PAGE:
Goethe's Faust: Theatre of Modernity by Hans Schulte, John Noyes, Pia Kleber

By Hans Schulte, John Noyes, Pia Kleber

Faust has been known as the elemental icon of Western tradition, and Goethe's inexhaustible poetic drama is the center piece of its culture in literature, track and paintings. in recent times, this play has skilled anything of a renaissance, with a surge of reviews, theater productions, press assurance and public discussions. Reflecting this renewed curiosity, prime Goethe students during this quantity discover the play's amazing modernity inside of its theatrical framework. The chapters current new facets resembling the virtuality of Faust, the track drama, the modernization of evil, Faust's blindness, the homosexual Mephistopheles, vintage attractiveness and horror as phantasmagoria, and Goethe's anticipation of recent technology, economics and ecology. The ebook comprises an illustrated part on Faust in glossy functionality, with contributions by way of well known administrators, critics and dramaturges, and an incredible interview with Peter Stein, director of the uncut 'millennium construction' of Expo 2000.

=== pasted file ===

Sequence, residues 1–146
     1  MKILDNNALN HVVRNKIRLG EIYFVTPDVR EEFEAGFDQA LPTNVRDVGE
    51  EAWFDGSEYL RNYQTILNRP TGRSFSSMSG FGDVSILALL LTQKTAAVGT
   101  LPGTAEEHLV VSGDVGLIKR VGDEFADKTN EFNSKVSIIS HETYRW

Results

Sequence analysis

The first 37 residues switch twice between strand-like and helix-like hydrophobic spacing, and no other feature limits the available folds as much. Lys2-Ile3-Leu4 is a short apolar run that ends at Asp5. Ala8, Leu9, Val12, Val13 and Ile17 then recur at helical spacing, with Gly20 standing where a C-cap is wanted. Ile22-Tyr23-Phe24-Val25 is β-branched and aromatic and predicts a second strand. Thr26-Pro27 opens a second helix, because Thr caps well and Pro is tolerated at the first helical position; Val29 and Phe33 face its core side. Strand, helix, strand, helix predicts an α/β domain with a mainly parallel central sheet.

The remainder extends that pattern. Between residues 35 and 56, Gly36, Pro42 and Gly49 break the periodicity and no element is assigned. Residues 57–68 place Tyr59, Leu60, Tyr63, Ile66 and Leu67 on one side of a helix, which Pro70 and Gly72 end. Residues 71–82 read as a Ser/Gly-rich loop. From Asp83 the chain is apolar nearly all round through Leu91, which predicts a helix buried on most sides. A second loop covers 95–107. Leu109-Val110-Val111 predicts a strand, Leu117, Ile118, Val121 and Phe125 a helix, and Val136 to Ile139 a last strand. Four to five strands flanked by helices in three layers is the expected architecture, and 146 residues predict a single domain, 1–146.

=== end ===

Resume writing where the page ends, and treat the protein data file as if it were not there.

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See FK 52. 3. Gert Mattenklott, ‘Der Medien-Mephistopheles. Gustav Gründgens als Mephistopheles in Goethes Faust’, Theater heute 2 (2000), 23–7. 4. All further references to Faust are by line number from FT. Unless otherwise indicated, all translations are taken from Goethe, Faust, trans. David Luke, Oxford University Press, 1987, 1994. 5. See Jochen Schmidt, Goethes Faust. Erster und Zweiter Teil. Grundlagen–Werk– Wirkung, Munich: C. H. Beck, 1999, 122. 6. ” Mephistopheles in der “Klassischen Walpurgisnacht”’, in Peter Stein inszeniert Faust von Johann Wolfgang Goethe, ed.

Mephistopheles achieves greatness first as ‘the beloved son of chaos’ (8026), secondly as an advocate of violence. But his third claim is to be in charge of ‘nonsense’. It is rather surprising to find nonsense affiliated to chaos and violence: a peculiar trinity. Mephistopheles here refers to his role as a fool, which prevails over many other roles. What is really new about Mephistopheles is that Goethe lets him take over a double role. He attaches the function of a fool to the traditional one of the devil.

Mephistopheles is a character who presents not only the coexistence of good and evil in one person, but also demonstrates that the good does not exist without the evil. Evil is the necessary precondition for good – and vice versa. Likewise, beauty cannot exist without ugliness. To underline their interrelation is a privilege that Goethe allows no one but Mephistopheles: ‘Though for ugliness they chide me, yet I know true beauty well’ (8912). This is his commentary in the mask of Phorkyas looking at Helena.

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